Friday, August 7, 2009

Why is getting published in the New Yorker a career-changing event?

    
** The following was written and drawn by Portland, Oregon-based cartoonist Shannon Wheeler -- and appears in the August, 10, 2009 issue of The New Yorker.


** No further information is required to get the joke above, but it's worth noting that many people subscribe to the New Yorker -- just for its cartoons alone. According to figures released by the Audit Bureau of Circulation (ABC), this seemingly "recession-proof" magazine still boasts a weekly circulation of 1.05 million copies.

** Shannon Wheeler is better known for his previous efforts, e.g., his alternative comic-strip series, "Too Much Coffee, Man" (which will soon be re-printed in book format) -- and for his Postage Stamp Funnies in the satirical publication, "The Onion." His cartoon collections have also been published by Dark Horse.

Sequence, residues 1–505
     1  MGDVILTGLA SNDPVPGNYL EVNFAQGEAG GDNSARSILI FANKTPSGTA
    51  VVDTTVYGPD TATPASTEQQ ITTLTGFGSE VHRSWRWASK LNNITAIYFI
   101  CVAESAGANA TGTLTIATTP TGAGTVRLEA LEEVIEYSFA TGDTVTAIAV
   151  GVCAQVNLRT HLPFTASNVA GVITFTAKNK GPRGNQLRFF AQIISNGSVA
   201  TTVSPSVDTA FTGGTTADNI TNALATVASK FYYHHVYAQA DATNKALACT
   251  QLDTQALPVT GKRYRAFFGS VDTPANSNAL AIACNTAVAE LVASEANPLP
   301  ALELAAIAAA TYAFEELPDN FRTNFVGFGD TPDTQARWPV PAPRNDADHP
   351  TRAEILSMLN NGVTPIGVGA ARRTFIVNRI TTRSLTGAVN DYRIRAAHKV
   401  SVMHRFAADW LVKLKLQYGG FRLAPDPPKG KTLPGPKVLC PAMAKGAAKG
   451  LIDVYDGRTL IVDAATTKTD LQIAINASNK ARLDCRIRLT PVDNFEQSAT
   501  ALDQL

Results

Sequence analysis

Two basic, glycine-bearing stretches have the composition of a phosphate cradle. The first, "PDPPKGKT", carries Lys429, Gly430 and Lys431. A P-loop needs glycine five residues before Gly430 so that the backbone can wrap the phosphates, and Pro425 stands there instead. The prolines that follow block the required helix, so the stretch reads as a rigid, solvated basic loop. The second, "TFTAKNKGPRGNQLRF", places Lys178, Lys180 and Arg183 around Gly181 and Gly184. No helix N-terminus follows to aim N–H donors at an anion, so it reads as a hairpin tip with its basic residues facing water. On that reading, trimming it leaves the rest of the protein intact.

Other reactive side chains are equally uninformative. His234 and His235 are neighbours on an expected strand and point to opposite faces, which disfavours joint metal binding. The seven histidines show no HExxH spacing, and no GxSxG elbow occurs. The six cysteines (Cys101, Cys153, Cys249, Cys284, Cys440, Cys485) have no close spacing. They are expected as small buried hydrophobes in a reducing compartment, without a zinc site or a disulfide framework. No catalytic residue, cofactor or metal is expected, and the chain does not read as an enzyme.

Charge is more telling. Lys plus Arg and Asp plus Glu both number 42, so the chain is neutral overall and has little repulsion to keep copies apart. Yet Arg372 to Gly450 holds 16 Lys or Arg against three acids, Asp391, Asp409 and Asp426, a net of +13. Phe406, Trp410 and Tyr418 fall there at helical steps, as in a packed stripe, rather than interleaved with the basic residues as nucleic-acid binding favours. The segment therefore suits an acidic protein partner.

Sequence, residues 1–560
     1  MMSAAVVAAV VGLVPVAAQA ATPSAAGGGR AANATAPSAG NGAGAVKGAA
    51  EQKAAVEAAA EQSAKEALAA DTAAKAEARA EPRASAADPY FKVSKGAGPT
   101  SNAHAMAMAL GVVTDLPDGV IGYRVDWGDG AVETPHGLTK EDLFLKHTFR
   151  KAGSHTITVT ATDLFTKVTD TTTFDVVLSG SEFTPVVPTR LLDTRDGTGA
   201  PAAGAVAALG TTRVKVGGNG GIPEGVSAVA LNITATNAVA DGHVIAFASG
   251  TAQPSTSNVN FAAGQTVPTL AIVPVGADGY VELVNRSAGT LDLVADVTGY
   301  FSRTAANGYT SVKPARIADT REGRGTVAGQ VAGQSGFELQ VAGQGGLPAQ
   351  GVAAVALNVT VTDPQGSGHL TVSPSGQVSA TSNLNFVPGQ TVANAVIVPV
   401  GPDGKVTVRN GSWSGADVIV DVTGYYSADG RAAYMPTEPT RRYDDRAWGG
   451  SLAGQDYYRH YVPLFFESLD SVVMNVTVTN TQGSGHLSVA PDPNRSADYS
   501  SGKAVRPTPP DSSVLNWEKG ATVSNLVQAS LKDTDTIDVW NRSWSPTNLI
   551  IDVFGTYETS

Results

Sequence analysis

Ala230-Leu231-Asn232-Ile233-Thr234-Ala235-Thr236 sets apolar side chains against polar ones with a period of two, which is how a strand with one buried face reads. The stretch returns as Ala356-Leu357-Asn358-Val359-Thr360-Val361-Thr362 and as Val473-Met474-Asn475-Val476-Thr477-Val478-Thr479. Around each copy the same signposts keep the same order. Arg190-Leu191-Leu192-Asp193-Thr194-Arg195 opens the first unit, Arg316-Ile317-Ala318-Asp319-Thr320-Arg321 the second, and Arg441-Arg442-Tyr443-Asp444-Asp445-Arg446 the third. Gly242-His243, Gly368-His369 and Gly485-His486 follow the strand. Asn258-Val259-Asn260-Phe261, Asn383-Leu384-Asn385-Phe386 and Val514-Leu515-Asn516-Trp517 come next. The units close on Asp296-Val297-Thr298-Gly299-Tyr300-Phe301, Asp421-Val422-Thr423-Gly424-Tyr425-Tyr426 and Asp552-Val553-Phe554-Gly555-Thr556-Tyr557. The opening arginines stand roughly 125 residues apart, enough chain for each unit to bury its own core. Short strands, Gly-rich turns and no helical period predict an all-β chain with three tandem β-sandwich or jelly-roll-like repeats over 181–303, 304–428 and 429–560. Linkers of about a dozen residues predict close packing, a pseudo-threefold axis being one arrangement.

** But many believe Mr. Wheeler's career will soon shoot into the stratosphere -- because the New Yorker Magazine only began publishing his cartoons this year.

** "My age is 'old,'" wrote Mr. Wheeler in an e-mail reply to this column, "though when I met another New Yorker cartoonist, he recently called me a 'young cartoonist.' I'm 42 -- a very nice 'meaning of life' age to start getting published in the New Yorker."

** Nevertheless, getting published in The New Yorker remains a dream achievement for many budding artists and writers. It's believed to carry an instant stamp of acceptance by higher literary and artistic circles in the United States -- even though there are no guarantees that a creative talent will subsequently achieve long-term commercial success. Still, imagine what it means to an artist to get paid to do what he or she already loves -- with near complete freedom to "color outside the lines."

** No matter how agreeable or disagreeable one might feel about the New Yorker Magazine's politics, its cartoons are univerally admired for their dry wit. From the legendary James Thurber, Peter Arno and Charles Addams -- to today's Roz Chast and Leo Cullum -- the magazine's cartoonists have consistently entertained millions of readers for more than 80 years. (The New Yorker's first issue was published in February 1925. The cartoon below was drawn by Ward Sutton and appeared in the July 21, 2008 issue of the magazine.)

(Original material © 2009 by David Kusumoto.)

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